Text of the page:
Gangle v. Spiry

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Justia Opinion Summary

In this action to quiet title to real property owned by Defendants under a claim of adverse possession, the Supreme Court reversed the order of the circuit court finding that Plaintiff was entitled to the disputed property by adversely possessing it for forty years and dismissing Defendants’ counterclaim to quiet title to an adjacent property under a claim of adverse possession.

Defendants opposed Plaintiff’s adverse possession claim on the basis that Plaintiff and his predecessor in interest occupied the disputed property with Defendants’ consent. After filing a counterclaim against Plaintiff, Defendants voluntarily dismissed the counterclaim before trial. The Supreme Court reversed the circuit court’s judgment in this case, holding (1) permissive use does not ripen into a claim of hostility by the mere transfer of the dominant estate; (2) the circuit court erred by quieting title to the disputed property in favor of Plaintiff because his permissive use never ripened into one of hostility necessary to claim title by adverse possession; and (3) the circuit court abused its discretion by dismissing the counterclaim with prejudice, especially in light of the fact that Plaintiff did not oppose Defendants’ voluntary dismissal.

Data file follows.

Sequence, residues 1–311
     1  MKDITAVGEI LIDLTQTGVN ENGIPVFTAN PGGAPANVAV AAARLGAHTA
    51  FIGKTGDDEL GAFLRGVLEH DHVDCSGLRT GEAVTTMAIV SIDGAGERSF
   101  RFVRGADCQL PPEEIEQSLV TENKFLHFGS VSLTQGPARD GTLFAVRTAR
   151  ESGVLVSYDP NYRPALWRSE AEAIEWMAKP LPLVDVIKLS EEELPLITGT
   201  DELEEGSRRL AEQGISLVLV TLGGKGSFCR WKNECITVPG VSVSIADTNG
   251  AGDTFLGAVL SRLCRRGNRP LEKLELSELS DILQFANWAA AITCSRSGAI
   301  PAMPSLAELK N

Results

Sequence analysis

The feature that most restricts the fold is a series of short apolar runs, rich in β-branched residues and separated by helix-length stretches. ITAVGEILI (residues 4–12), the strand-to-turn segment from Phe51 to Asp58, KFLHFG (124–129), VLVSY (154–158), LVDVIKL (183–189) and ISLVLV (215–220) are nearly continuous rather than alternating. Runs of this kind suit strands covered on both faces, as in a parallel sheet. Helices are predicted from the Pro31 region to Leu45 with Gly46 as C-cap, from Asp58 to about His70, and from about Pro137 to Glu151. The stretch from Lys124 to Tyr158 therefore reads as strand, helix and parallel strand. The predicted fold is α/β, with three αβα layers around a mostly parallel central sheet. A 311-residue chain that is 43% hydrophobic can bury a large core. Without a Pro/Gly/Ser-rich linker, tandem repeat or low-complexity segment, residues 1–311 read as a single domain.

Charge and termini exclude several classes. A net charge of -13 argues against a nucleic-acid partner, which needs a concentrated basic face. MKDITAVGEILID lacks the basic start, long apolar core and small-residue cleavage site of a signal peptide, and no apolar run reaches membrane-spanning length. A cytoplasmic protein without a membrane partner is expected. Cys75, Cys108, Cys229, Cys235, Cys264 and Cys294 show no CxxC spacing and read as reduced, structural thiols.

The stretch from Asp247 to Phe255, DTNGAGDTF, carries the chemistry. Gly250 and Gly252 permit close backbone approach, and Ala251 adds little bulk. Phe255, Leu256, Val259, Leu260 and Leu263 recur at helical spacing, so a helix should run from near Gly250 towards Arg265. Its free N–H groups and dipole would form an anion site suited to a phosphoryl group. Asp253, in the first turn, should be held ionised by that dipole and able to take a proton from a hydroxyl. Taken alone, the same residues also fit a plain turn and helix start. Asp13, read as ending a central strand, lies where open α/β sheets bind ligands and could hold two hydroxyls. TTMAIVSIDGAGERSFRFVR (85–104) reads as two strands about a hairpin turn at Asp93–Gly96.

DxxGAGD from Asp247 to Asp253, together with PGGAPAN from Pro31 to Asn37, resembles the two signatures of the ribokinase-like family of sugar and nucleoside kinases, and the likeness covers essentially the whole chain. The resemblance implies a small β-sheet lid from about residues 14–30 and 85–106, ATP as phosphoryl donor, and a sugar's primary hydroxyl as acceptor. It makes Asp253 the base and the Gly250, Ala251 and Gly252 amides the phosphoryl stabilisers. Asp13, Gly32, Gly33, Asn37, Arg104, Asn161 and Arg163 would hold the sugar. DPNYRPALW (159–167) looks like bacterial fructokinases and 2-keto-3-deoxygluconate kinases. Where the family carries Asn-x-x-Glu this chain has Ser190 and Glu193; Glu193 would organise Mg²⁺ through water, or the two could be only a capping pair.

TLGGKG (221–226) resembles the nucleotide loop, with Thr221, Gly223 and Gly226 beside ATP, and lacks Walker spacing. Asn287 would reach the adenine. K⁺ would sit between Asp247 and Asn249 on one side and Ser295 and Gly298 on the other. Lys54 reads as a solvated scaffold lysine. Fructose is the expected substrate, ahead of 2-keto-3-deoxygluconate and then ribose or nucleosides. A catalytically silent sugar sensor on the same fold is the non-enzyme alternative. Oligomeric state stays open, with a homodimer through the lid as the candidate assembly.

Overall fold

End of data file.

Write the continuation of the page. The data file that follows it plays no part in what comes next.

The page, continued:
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#28461-r-JMK 2018 S.D. 55 IN THE SUPREME COURT OF THE STATE OF SOUTH DAKOTA **** GARY J. GANGLE, Plaintiff and Appellee, v. A. WILLIAM SPIRY and PATRICIA M. SPIRY, Trustees of THE A. WILLIAM SPIRY 2012 IRREVOCABLE TRUST, Defendants and Appellants. **** APPEAL FROM THE CIRCUIT COURT OF THE FIFTH JUDICIAL CIRCUIT MARSHALL COUNTY, SOUTH DAKOTA **** THE HONORABLE TONY L. PORTRA Judge **** JOEL E. ENGEL III Woods, Fuller, Shultz & Smith P.C. Sioux Falls, South Dakota Attorneys for defendants and appellants. GARY J. GANGLE Lake City, South Dakota Pro se plaintiff and appellee. **** CONSIDERED ON BRIEFS MAY 21, 2018 OPINION FILED 07/11/18 #28461 KERN, Justice [¶1.] Gary Gangle brought an action to quiet title to real property owned by A. William Spiry (Spiry) and Patricia M. Spiry, as trustees of the A. William Spiry 2012 Irrevocable Trust, under a claim of adverse possession. Spiry opposed Gangle’s adverse-possession claim on the basis that Gangle and his predecessor in interest occupied the disputed property with Spiry’s consent. Spiry also filed a counterclaim against Gangle to quiet title to an adjacent property under a claim of adverse possession; however, Spiry voluntarily dismissed the counterclaim before trial. After conducting a bench trial, the circuit court found that Gangle was not subject to any oral agreement Spiry had with Gangle’s predecessor in interest and that Gangle was entitled to the disputed property by adversely possessing it for 40 years. In its final judgment, the circuit court also dismissed Spiry’s counterclaim with prejudice. Spiry appeals. We reverse the order of the circuit court and remand the case for entry of judgment consistent with this opinion. Facts and Procedural History [¶2.] Max Sckerl owned pasture land bordering Roy Lake, in Marshall County, South Dakota. Spiry approached Sckerl about purchasing property along the lake. Accordingly, Sckerl platted portions of his waterfront property into lots, and on October 8, 1968, Spiry purchased Lot 1 from Sckerl.1 The dimensions of Lot 1 were substantially larger and extended further east than the other lots 1. The property platted by Max Sckerl is referred to as the Sckerl’s Roy Lake Subdivision and is legally described as the Northeast Quarter of the Southwest Quarter in Section 27, Township 126, North of Range 55, West of the 5th P.M., Marshall County, South Dakota. -1- #28461 platted by Sckerl. At the time, a fence did not exist between Lot 1 and Sckerl’s remaining pasture to the east. Spiry also purchased Lot 2 from Sckerl the following year, which borders Lot 1 to the south.2 [¶3.] On November 20, 1968, Gangle’s father purchased Sckerl’s pasture land to the east of Lot 1. In 1969, Gangle and his father constructed a barbed-wire fence running north and south through Lot 1 in an attempt to separate the newly acquired pasture land from Spiry’s property. Gangle was aware Spiry’s property extended east of the fence that he and his father constructed. Gangle testified, “I knew [Spiry] had property over there [to the east] but I never knew where his property was.” The amount of Spiry’s property that Gangle and his father had fenced off was less than an acre. [¶4.] Spiry discovered the fence that Gangle and his father constructed across Spiry’s property in the summer of 1969. Rather than require him to move the fence, Spiry gave Gangle’s father verbal permission to keep the fence in place and to use his property east of the fence. At trial, Spiry testified that “[i]t saved [him from] mowing and as long as [he] still owned it and [he] could still use the property as [he] wanted to, [he] had no objection to [Gangle’s father] fencing it off into his pasture.” [¶5.] In August 1975, Gangle’s father passed away. Spiry, as a practicing attorney in the area, handled the probate of his estate. Gangle’s father left the land to his three children, but Gangle subsequently bought out his brother’s and sister’s 2. The property was eventually deeded to the A. William Spiry 2012 Irrevocable Trust. -2- #28461 interests in the property via contracts for deed, which Spiry also prepared. During his interactions with Gangle involving the probate and contracts for deed, Spiry did not discuss the fence crossing his property with Gangle. However, in August 1976, Spiry had his son and a hired man place three fence posts in the approximate location of the corner of Spiry’s property extending east of the fence. While the fence posts were actually about 30 yards into Gangle’s pasture and not on Spiry’s property, Spiry put the posts in place to indicate his ownership of the property east of the fence that Gangle occupied. [¶6.] Gangle continued to graze his cattle in the same manner on the disputed property for the next 40 years with no objection from Spiry. In 1996, Gangle and Spiry met at the property to discuss a stream at the northeast corner of Lot 1 that Gangle’s cattle used for water. After the conversation, Spiry was comfortable “that [Gangle] understood that [the] fence was on [Spiry’s] property.” However, Gangle disputed that a discussion about the fence took place, pointing to a letter sent by Spiry on July 29, 1996, that encompassed only an issue with the cattle watering out of the stream and an agreement with Gangle’s father regarding the same. In 2006, Gangle platted some of his property lying east of the lots in the Roy Lake Subdivision. The plat confirmed Spiry’s property line extended east of the fence Gangle constructed in Lot 1. Spiry replatted Lot 1 in 2015 into three separate lots that were classified as Lots 1A, 1B, and 1C. The fence line runs through Lot 1C with the disputed property lying east of the fence. -3- #28461 [¶7.] On August 17, 2017, the circuit court held a bench trial regarding Gangle’s action to quiet title to the disputed property under a claim of adverse possession. Prior to the evidentiary portion of the trial, Spiry voluntarily dismissed his counterclaim seeking to quiet title under a claim of adverse possession to a 30foot strip of land owned by Gangle that is adjacent to the dedicated road across from Lot 2A.3 Without objection from Gangle, the circuit court dismissed the counterclaim. [¶8.] Spiry and his son testified at trial regarding their use of the property in Lot 1C east of the fence. Spiry’s son testified that he occasionally piled unwanted brush or tree trimmings on the property, climbing over the fence to retrieve the wood when he needed it for fires down by the lake. In response, Gangle and his wife disputed Spiry’s claim that he used the property east of the fence, testifying that they never saw such a brush pile. [¶9.] In a letter decision issued on September 19, 2017, the court framed the issue between the parties as “whether [Spiry’s] permissive use to [Gangle’s father] 3. Lot 2A lies to the south of Lot 1B. -4- #28461 also applied to [Gangle] as [his] successor in interest.” The court held that it did not and that Gangle proved by clear and convincing evidence he had acquired the disputed property by adverse possession. Incorporating the memorandum decision, the circuit court entered findings of fact and conclusions of law on October 19, 2017. In its final judgment, the circuit court quieted title to the disputed property in Lot 1C in favor of Gangle and dismissed Spiry’s counterclaim with prejudice. [¶10.] Spiry appeals, raising two issues for our review: 1. Whether the circuit court erred in quieting title to the disputed property in Gangle’s favor on a claim of adverse possession. 2. Whether the circuit court erred in dismissing Spiry’s counterclaim with prejudice. Standard of Review [¶11.] “Proof of the individual elements of adverse possession present questions of fact for the circuit court, while the ultimate conclusion of whether they are sufficient to constitute adverse possession is a question of law.” Underhill v. Mattson, 2016 S.D. 69, ¶ 9, 886 N.W.2d 348, 352. Therefore, we review a circuit court’s factual findings for clear error and its legal conclusions de novo. Id. “Moreover, issues of statutory interpretation and application are matters of law reviewed de novo.” Ashby v. Oolman, 2008 S.D. 26, ¶ 10, 748 N.W.2d 132, 135. Analysis and Decision [¶12.] 1. Whether the circuit court erred in quieting title to the disputed property in Gangle’s favor on a claim of adverse possession. [¶13.] Being the record owner of Lot 1C, Spiry is presumed to possess the property unless Gangle can prove he adversely possessed the property for 20 years -5- #28461 prior to the action being commenced. SDCL 15-3-7; Cuka v. Jamesville Hutterian Mut. Soc’y, 294 N.W.2d 419, 421-22 (S.D. 1980). Property that has been actually and continuously occupied under a claim of title exclusive of any other right is subject to adverse possession. SDCL 15-3-12. “To establish title by adverse possession, the claimant must be in actual, open, visible, notorious, continuous and hostile occupation for the statutory period.” Titus v. Chapman, 2004 S.D. 106, ¶ 27, 687 N.W.2d 918, 925; see also SDCL 15-3-1 (providing the statutory period for adverse possession is 20 years). The claimant’s occupation must be of such a nature as “to give the true owner notice of actual possession and to put him on inquiry as to the invasion of his rights.” Hamad Assam Corp. v. Novotny, 2007 S.D. 84, ¶ 7, 737 N.W.2d 922, 924. The claimant has the burden of proving adverse possession by clear and convincing evidence. City of Deadwood v. Summit, Inc., 2000 S.D. 29, ¶ 15, 607 N.W.2d 22, 26. [¶14.] In this case, it is undisputed that Gangle was in actual, open, visible, notorious, and continuous occupation of Spiry’s property east of the constructed fence in Lot 1C for the statutory period of 20 years. However, Spiry argues that Gangle’s claim of adverse possession must fail because his use of the disputed property was not hostile. “[P]ossession which is not hostile cannot be adverse.” Broadhurst v. Am. Colloid Co., 85 S.D. 65, 75, 177 N.W.2d 261, 266 (1970). Also, we have stated that “[c]ontinued use which is permissive is insufficient to fulfill the requirement of . . . hostile use.” Travis v. Madden, 493 N.W.2d 717, 720 (S.D. 1992); see also 3 Am. Jur. 2d Adverse Possession § 44, Westlaw (database updated May 2018). -6- #28461 [¶15.] Spiry asserts that the permission given to Gangle’s father to use the property east of the fence should apply to Gangle as his successor in interest and that the circuit court erred in ruling otherwise. The question whether a permissive use can ripen into one of hostility by merely transferring property is one of first impression for this Court. However, many other courts have addressed this issue, and it is well established that permissive use cannot ripen into adverse possession until a positive assertion of a right hostile to the record holder is made known to him.4 4. See Blalock v. Conzelman, 751 So. 2d 2, 5 (Ala. 1999) (“[A] possession permissive in its inception cannot become adverse to the owner until a positive assertion of a right hostile to the owner is brought to him.”); Emerson v. Linkinogger, 382 S.W.3d 806, 812 (Ark. Ct. App. 2011) (stating that permissive occupancy can become hostile and adverse when “notice of the hostility of the possessor’s holding has been brought home to the owner by actual notice or by a holding so open and notorious as to raise a presumption of notice equivalent to actual notice”); Johnson v. Raddohl, 32 N.W.2d 860, 861 (Minn. 1948) (“Where the original entry is permissive, the statute does not begin to run against the legal owner until an adverse holding is declared and notice of such change is brought to the knowledge of the owner.”); Rice v. Pritchard, 611 So. 2d 869, 872 (Miss. 1992) (“[P]ermission of the record owner can never ripen into adverse possession until there is a positive assertion of a right hostile to the record owner which is made known to him.”); Imperial Serv. Corp. v. Phipps, 288 N.W.2d 749, 750 (Neb. 1980) (stating the same); Apodaca v. Hernandez, 302 P.2d 177, 180 (N.M. 1956) (stating the same); Woodland v. Woodland, 147 N.W.2d 590, 598 (N.D. 1966) (stating the same); Hutchinson v. Taft, 222 P.3d 1250, 1254 (Wyo. 2010) (“There must be either actual notice of the hostile claim or acts or declarations of hostility so manifest and notorious that actual notice will be presumed in order to change a permissive or otherwise non-hostile possession into one that is hostile.”); see also 2 C.J.S. Adverse Possession § 82, Westlaw (updated June 2018) (“A permissive occupant cannot change his or her possession into adverse title no matter how long possession may be continued, in the absence of a clear, positive, and continuous disclaimer and disavowal of the title of the true owner brought home to the latter’s knowledge.”). -7- #28461 [¶16.] For example, the Supreme Court of Rhode Island, in Barrow v. D & B Valley Associates, LLC, 22 A.3d 1131, 1134 (R.I. 2011), specifically addressed whether a permissive use of a strip of land expired when the owners of the dominant parcel conveyed their property. In Barrow, the plaintiffs sought to quiet title to a strip of land between the boundary of their land and a stone wall situated on defendant’s property that ran parallel to the property line. Id. at 1131-33. The plaintiffs’ predecessors in interest received permission from the defendant to use the strip of land on his property in exchange for endorsing a development project in the neighborhood. Id. at 1132-33. After the plaintiffs acquired the land from their predecessors, they continued to use the strip of land in the same manner as their predecessors had before them. Id. at 1133. More than a decade later plaintiffs learned, as a result of an appraisal of the property, that the strip of land belonged to the defendant. Id. [¶17.] Although the plaintiffs asserted a claim for adverse possession to the strip of land, the Supreme Court of Rhode Island, affirming the lower court, held that the plaintiffs were not entitled to the disputed property because the permission granted to plaintiffs’ predecessors did not become hostile upon the subsequent transfer of the dominant parcel to the plaintiffs. Id. at 1135. The court stated that “[a] permissive use may become hostile only when the permission has been withdrawn or when events have occurred indicating that the original permission no longer obtained.” Id. at 1134. It further concluded that “[w]hen permission is granted for a particular use, a later use of the same kind cannot be characterized as adverse.” Id. -8- #28461 [¶18.] We agree with the Rhode Island Supreme Court and other courts that permissive use does not ripen into a claim of hostility by the mere transfer of the dominant estate. In making its ruling herein, the circuit court primarily relied on its finding that Spiry “did not have an agreement, oral or in writing, with anyone other than [Gangle’s father]” in determining that Gangle’s use was not permissive. However, a permissive agreement with Gangle is not dispositive of the issue. Rather, Spiry’s permission to Gangle’s father continued through the subsequent transfer to Gangle absent proof that Gangle’s permissive use changed into one of hostile occupation that would have put Spiry on notice. It is apparent upon review of the record that Gangle’s use of the property never changed from that of his father’s. As the Supreme Court of Wisconsin aptly stated: The law is very rigid with respect to the fact that a use permissive in the beginning can be changed into one which is hostile and adverse only by the most unequivocal conduct on the part of the user. The rule is that the evidence of adverse possession must be positive, must be strictly construed against the person claiming a prescriptive right, and that every reasonable intendment should be made in favor of the true owner. Lindokken v. Paulson, 272 N.W. 453, 455 (Wis. 1937). Accordingly, we conclude the circuit court erred in quieting title to the disputed property in favor of Gangle because his permissive use never ripened into one of hostility necessary to claim title by adverse possession.5 5. Both parties presented arguments in their briefs regarding the doctrine of acquiescence; however, the circuit court did not mention the doctrine in its letter decision, findings of fact and conclusions of law, or its judgment. Therefore, we decline to address it. -9- #28461 [¶19.] 2. Whether the circuit court erred in dismissing Spiry’s counterclaim with prejudice. [¶20.] Spiry next contends that the circuit court erred by dismissing with prejudice his counterclaim to quiet title by adverse possession to a small strip of land owned by Gangle that is across from Lot 2A. Before the first witness was called at trial, Spiry’s counsel stated, “[W]e’d move to dismiss [our] counterclaim as we do not wish to pursue it.” The circuit court then asked Gangle if he objected, and he responded in the negative. The court dismissed the claim but did not indicate whether the dismissal was with or without prejudice. In their proposed findings of fact and conclusions of law and judgments, the parties took opposing positions on the nature of the dismissal. The circuit court’s final judgment dismissed the counterclaim with prejudice. Spiry argues this was in error because under SDCL 15-6-41(a), “it is generally presumed that a voluntar[y] dismissal of a claim will not result in a dismissal with prejudice.”6 [¶21.] SDCL 15-6-41(a) sets forth the requirements for a voluntary dismissal of an action by a plaintiff. A plaintiff may voluntarily dismiss an action as a matter of course without a court order “[b]y filing a notice of dismissal at any time before 6. Gangle opposes Spiry’s argument by contending that Spiry’s counterclaim is considered compulsory under SDCL 15-6-13(a) and that a dismissal with prejudice was proper because res judicata would bar the claim. See Glover v. Krambeck, 2007 S.D. 11, ¶ 17, 727 N.W.2d 801, 805 (“The doctrine of res judicata serves as claim preclusion to prevent relitigation of an issue . . . which could have been properly raised and determined in a prior action.”). However, Gangle did not make this argument below nor did he object to Spiry’s voluntary dismissal of the counterclaim. Thus, we need not address whether the counterclaim was compulsory or permissive because res judicata may be pled as a possible defense if Spiry elects to refile the claim. -10- #28461 service by the adverse party of an answer or of a motion for summary judgment, whichever first occurs, or . . . [b]y filing a stipulation of dismissal signed by all parties who have appeared in the action.” SDCL 15-6-41(a)(1). If these requirements are not met, then “an action shall not be dismissed at the plaintiff’s instance save upon order of the court and upon such terms and conditions as the court deems proper.” SDCL 15-6-41(a)(2). Unless otherwise specified in the notice of dismissal, stipulation, or order of the court, the dismissal is without prejudice. SDCL 15-6-41(a)(1), (2). [¶22.] Even though Gangle argues that SDCL 15-6-41(a) only applies to voluntary dismissals made by plaintiffs, this argument is contrary to the plain language of the statute. SDCL 15-6-41(c) provides: The provisions of § 15-6-41 apply to the dismissal of any counterclaim, cross-claim, or third-party claim. A voluntary dismissal by the claimant alone pursuant to paragraph (1) of § 15-6-41(a) shall be made before a responsive pleading is served or, if there is none, before the introduction of evidence at the trial or hearing. (Emphasis added.) The record reveals that Spiry did not file a notice of dismissal or stipulation, see SDCL 15-6-41(a)(1); therefore, the provisions of SDCL 15-6-41(a)(2) apply because Spiry moved for voluntary dismissal by order of the court. See SDCL 15-6-7(b) (“An application to the court for an order shall be by motion which, unless made during a hearing or trial, shall be made in writing[.]”). [¶23.] We have not previously addressed whether a dismissal with prejudice rather than without prejudice is improper under SDCL 15-6-41(a)(2). Because SDCL 15-6-41(a)(2)’s language is identical to its federal counterpart, Fed. R. Civ. P. 41(a)(2), we look to decisions of the federal courts for analytical assistance. The -11- #28461 circuit court’s decision to allow a defendant to voluntarily dismiss an action is reviewed for abuse of discretion. Thatcher v. Hanover Ins. Group, Inc., 659 F.3d 1212, 1213 (8th Cir. 2011). A defendant, by order of the court, may have an action dismissed without prejudice, unless “the [plaintiff] would suffer some plain legal prejudice other than the mere prospect of a second lawsuit.” Cone v. W. Va. Pulp & Paper Co., 330 U.S. 212, 217, 67 S. Ct. 752, 755, 91 L. Ed. 849 (1947). As such, “[m]any courts have taken the sensible position that dismissals without prejudice generally should be granted by the district court if no prejudicial effects would result for the opposing party.” 9 Charles Alan Wright et al., Federal Practice and Procedure § 2364 (3d ed.), Westlaw (database updated Apr. 2018); see also 8 James W.M. Moore et al., Moore’s Federal Practice § 41.40[5][a] (3d ed. 2016) (“A motion for voluntary dismissal that is not opposed or met with a relevant objection should generally be granted.”). [¶24.] Even so, the decisions of the federal appellate courts vary on what factors to consider when ruling on a motion for voluntary dismissal.7 But here, we need not determine what factors should be considered because the circuit court dismissed the counterclaim with prejudice without any analysis of the equities or risk of prejudice to Gangle. Based upon our review of the record, we conclude the 7. See 9 Wright et al., supra ¶ 22, § 2364 (discussing the different factors articulated by federal appellate courts in determining whether to grant a dismissal); see also 8 Moore et al., supra ¶ 22, § 41.40[6] (listing the most common factors federal courts consider on a motion for voluntary dismissal as: “(1) the extent to which the suit has progressed, including the defendant’s effort and expense in preparing for trial, (2) the plaintiff’s diligence in prosecuting the action or in bringing the motion, (3) the duplicative expense of relitigation, and (4) the adequacy of plaintiff’s explanation for the need to dismiss”). -12- #28461 court abused its discretion by dismissing the counterclaim with prejudice, especially in light of the fact that Gangle did not oppose Spiry’s voluntary dismissal. Therefore, we reverse the judgment of the circuit court and remand for correction of the judgment to reflect that Spiry’s counterclaim be dismissed without prejudice. Conclusion [¶25.] The circuit court erred in quieting title in favor of Gangle because Gangle’s permissive use did not change into one of hostile occupation that would have put Spiry on notice. Moreover, the circuit court abused its discretion in dismissing Spiry’s counterclaim with prejudice. The decision of the circuit court quieting title in favor of Gangle is reversed. On remand, the court shall issue an order reflecting that Spiry’s counterclaim is dismissed without prejudice. [¶26.] ZINTER, Acting Chief Justice, and JENSEN, Justice, and KNOFF, Circuit Court Judge, and SEVERSON, Retired Justice, concur. [¶27.] KNOFF, Circuit Court Judge, sitting for GILBERTSON, Chief Justice, disqualified. [¶28.] SALTER, Justice, not having been a member of the Court at the time this action was assigned to the Court, did not participate. -13-